FacebookOn 6 February 2013, in the High Court in Belfast, Mr Justice McCloskey awarded libel damages against an unidentified anonymous individual who abused two directors and a member of staff at a Belfast company.  The plaintiffs’ claim against Facebook Ireland Limited was dismissed.

The claims were issued by the company, two directors and a member of staff after false and abusive messages and information relating to them were posted on Facebook in an online campaing which last for months.  The unidentified poster of the material used two separate pseudonyms.

The second, unidentified, defendant did not appear.  But the judge held that the posts had been defamatory. He said that the second defendant was a “troll”, “hiding behind a mask”.

“As this case demonstrated, the laws through the courts penetrates the shields of anonymity and concealment .. . as this case demonstrates on procedural issues our legal system in the modern era adopts a robust and realistic approach. As a result the defendant’s attempts at concealment and harassment have been thwarted.”

He found that libellous postings on Facebook specifically identified at least two of the plaintiffs, while other comments would lead others to identify them through reference and implication.

The defendant’s statements, which are both words and images, took the form of a series of gratuitous and malicious slurs against the character and reputation of the plaintiffs,”

He said that there must be consequences for abuse of social media.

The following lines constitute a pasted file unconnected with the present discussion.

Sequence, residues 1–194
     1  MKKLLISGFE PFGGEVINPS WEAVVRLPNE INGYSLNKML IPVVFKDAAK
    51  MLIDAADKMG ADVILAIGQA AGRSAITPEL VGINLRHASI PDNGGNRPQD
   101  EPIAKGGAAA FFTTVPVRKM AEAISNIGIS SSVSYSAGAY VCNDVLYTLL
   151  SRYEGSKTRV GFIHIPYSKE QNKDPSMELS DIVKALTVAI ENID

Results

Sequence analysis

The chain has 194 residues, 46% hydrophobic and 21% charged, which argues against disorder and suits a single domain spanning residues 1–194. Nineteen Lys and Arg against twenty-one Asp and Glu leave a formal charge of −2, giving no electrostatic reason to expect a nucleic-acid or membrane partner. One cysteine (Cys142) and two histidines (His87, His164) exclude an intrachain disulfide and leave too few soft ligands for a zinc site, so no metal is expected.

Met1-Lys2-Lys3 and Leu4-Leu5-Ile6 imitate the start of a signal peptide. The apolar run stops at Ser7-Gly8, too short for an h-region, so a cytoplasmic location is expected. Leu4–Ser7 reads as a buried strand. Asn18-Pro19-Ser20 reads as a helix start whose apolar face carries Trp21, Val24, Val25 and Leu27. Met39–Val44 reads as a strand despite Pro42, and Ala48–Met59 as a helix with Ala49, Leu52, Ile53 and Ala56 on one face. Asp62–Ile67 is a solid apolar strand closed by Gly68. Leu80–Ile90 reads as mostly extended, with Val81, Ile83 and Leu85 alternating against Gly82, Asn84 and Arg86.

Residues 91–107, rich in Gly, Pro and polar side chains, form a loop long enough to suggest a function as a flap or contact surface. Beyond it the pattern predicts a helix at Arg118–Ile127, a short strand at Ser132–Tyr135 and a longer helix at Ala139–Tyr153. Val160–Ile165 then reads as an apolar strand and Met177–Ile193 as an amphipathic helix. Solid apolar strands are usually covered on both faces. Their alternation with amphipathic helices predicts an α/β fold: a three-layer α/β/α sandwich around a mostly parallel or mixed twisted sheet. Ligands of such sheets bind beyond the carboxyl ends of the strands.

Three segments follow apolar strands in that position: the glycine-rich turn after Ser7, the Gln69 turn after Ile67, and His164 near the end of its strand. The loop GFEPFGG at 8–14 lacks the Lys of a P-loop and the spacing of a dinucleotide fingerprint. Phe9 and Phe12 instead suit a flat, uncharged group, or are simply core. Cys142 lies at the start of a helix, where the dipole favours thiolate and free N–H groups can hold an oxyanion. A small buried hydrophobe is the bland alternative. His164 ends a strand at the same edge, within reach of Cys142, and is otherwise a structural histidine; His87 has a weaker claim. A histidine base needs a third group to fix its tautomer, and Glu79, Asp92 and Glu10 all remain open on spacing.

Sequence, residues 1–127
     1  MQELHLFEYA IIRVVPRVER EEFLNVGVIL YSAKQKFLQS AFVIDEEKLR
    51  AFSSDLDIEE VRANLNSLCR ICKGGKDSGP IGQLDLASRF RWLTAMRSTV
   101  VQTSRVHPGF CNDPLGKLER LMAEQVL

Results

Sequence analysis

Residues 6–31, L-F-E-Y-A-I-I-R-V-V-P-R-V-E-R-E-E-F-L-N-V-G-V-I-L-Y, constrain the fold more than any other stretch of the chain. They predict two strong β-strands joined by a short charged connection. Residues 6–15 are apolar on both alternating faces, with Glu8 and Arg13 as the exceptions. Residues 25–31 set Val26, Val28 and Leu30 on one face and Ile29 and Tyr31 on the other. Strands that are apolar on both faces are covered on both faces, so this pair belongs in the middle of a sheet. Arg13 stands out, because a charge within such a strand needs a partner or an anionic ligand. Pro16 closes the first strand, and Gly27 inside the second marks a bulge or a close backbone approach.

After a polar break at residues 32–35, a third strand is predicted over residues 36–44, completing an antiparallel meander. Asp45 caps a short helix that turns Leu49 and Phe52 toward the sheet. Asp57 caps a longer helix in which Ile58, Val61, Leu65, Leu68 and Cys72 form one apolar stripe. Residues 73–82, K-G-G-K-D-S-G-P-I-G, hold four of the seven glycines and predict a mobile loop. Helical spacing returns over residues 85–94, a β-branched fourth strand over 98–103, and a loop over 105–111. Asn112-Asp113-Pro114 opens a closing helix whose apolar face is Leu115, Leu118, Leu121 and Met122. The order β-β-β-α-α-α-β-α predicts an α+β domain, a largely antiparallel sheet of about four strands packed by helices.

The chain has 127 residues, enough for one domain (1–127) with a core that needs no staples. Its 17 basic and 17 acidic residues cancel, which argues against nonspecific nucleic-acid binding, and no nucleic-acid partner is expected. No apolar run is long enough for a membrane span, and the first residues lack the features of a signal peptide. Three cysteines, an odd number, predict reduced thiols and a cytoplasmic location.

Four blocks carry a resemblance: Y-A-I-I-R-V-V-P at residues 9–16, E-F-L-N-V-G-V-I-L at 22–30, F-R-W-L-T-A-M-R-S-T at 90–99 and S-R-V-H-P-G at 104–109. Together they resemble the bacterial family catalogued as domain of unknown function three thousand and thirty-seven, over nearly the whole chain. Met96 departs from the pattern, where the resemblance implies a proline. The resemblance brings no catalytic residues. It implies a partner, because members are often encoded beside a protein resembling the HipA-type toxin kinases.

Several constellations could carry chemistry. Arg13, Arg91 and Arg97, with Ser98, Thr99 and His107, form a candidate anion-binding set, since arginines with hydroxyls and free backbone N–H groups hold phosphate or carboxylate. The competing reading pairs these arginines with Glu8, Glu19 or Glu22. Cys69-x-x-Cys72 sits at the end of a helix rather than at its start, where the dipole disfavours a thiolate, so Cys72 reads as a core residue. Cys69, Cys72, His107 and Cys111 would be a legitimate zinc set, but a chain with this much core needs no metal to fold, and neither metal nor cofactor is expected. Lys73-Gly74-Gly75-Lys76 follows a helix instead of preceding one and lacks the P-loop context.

“The courts in Northern Ireland have demonstrated their availability and willingness to protect the interests of those whose legal rights are infringed by the cowardly and faceless perpetrators of this evil”.

He awarded £20,000 damages to the plaintiff who suffered the most distress and anxiety. The two others were awarded £10,000 and £5,000. The defendant must also pay legal costs if they are ever identified.

The judge added that the case was part of a “disturbing” growing trend in similar litigation.

“It’s indisputable that social networking sites can be a force for good in society, a truly positive and valuable mechanism.  However, they are becoming increasingly misused as a medium by which to threaten, abuse, harass, intimidate and defame members of society.  The solution for this grave mischief is far from clear and lies well beyond the powers of this court. Self-regulation or statutory regulation may well be necessary.”

The plaintiffs were granted anonymity on the basis that any disclosure would only draw more unwanted public attention.

The identity of the second defendant remains unknown Even though those responsible for posting the comments and images remain unknown, the financial penalty will be enforced should they ever be identified.The firm was granted anonymity on the basis that any disclosure would only draw more unwanted public attention.

There is a post about the case on Kevin Poulter’s blog and and item on the BBC News website.